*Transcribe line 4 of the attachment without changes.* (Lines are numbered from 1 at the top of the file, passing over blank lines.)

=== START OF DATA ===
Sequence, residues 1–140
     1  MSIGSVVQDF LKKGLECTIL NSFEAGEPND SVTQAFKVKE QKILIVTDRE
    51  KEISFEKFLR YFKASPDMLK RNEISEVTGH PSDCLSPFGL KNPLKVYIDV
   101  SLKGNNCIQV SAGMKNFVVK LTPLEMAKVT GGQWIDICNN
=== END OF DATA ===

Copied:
   101  SLKGNNCIQV SAGMKNFVVK LTPLEMAKVT GGQWIDICNN